Before joining NASA in 1966, Swigert was a civilian test pilot and fighter pilot in the Air National Guard. After leaving NASA, he was elected to Congress from Colorado's new 6th district, but died before being sworn in.
John Leonard Swigert Jr. was born on August 30, 1931 in Denver, Colorado to parents John Leonard Sr. and Virginia Swigert. Swigert's father was an ophthalmologist. At the age of 14, he became fascinated by aviation. While he would have been content just watching planes take off from nearby Combs Field, young Jack became determined to do more than be a spectator. He took on a newspaper route to earn money for flying lessons, and by age 16 he was a licensed private pilot. He attended Blessed Sacrament School, Regis Jesuit High School, and East High School, from which he graduated in 1949.
Swigert received a Bachelor of Science degree in Mechanical Engineering from the University of Colorado in 1953, where he also played football for the Buffaloes. He later earned a Master of Science degree in Aerospace Engineering from the Rensselaer Polytechnic Institute (Hartford campus) in 1965, and a Master of Business Administration degree from the University of Hartford in 1967; and was presented an Honorary Doctorate of Science degree from American International College in 1970, and an Honorary Doctorate of Laws degree from Western State University in 1970, and an Honorary Doctorate of Science from Western Michigan University in 1970.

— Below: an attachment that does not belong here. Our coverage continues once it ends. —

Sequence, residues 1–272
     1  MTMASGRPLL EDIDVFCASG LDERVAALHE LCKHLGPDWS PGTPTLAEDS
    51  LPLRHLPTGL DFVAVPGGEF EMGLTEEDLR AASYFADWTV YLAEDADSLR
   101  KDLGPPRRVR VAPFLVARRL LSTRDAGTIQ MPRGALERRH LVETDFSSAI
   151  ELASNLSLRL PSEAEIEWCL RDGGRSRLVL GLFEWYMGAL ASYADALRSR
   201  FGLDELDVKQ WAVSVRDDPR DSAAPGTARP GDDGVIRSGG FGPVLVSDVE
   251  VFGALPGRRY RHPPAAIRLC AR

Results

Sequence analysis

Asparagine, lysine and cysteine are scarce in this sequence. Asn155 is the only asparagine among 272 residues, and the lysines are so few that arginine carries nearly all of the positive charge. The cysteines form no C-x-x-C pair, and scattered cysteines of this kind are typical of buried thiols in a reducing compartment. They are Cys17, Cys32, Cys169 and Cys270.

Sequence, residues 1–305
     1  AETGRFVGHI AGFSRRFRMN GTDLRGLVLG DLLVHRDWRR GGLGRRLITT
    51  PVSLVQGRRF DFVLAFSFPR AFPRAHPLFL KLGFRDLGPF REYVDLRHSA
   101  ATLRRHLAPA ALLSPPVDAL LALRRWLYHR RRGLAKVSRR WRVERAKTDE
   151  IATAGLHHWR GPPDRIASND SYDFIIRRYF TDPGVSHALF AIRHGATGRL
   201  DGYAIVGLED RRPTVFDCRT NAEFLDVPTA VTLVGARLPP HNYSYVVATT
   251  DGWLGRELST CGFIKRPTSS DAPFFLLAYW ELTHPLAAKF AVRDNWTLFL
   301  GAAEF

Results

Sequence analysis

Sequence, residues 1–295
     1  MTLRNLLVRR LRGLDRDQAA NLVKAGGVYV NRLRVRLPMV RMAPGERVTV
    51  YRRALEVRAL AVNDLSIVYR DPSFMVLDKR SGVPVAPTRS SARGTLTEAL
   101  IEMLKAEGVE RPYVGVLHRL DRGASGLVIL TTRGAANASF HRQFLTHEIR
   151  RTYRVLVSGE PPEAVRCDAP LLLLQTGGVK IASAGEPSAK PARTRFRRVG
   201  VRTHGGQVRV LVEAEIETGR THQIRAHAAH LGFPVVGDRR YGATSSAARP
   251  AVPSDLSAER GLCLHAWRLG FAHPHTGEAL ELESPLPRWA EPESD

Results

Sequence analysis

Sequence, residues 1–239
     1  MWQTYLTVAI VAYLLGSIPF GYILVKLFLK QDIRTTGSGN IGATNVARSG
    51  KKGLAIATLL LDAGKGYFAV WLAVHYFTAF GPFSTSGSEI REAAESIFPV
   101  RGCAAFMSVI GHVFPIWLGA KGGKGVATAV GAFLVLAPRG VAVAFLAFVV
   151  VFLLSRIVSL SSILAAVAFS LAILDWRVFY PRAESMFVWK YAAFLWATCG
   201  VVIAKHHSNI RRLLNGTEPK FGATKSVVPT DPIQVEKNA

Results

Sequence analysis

Following his graduation from Colorado in 1953, Swigert joined the U.S. Air Force. Upon graduation from the Pilot Training Program and Gunnery School at Nellis Air Force Base, Nevada, he was assigned as a fighter pilot in Japan and Korea. In 1953, he survived his plane crashing into a radar unit on a Korean airstrip.
After completing his tour of active duty in the Air Force, he served as a jet fighter pilot with the Massachusetts (1957–1960) and Connecticut Air National Guard (1960–1965). Swigert held a position as engineering test pilot for North American Aviation before joining NASA. He was previously an engineering test pilot for Pratt & Whitney, from 1957 to 1964. He logged over 7,200 hours in flight, with more than 5,725 in jet aircraft.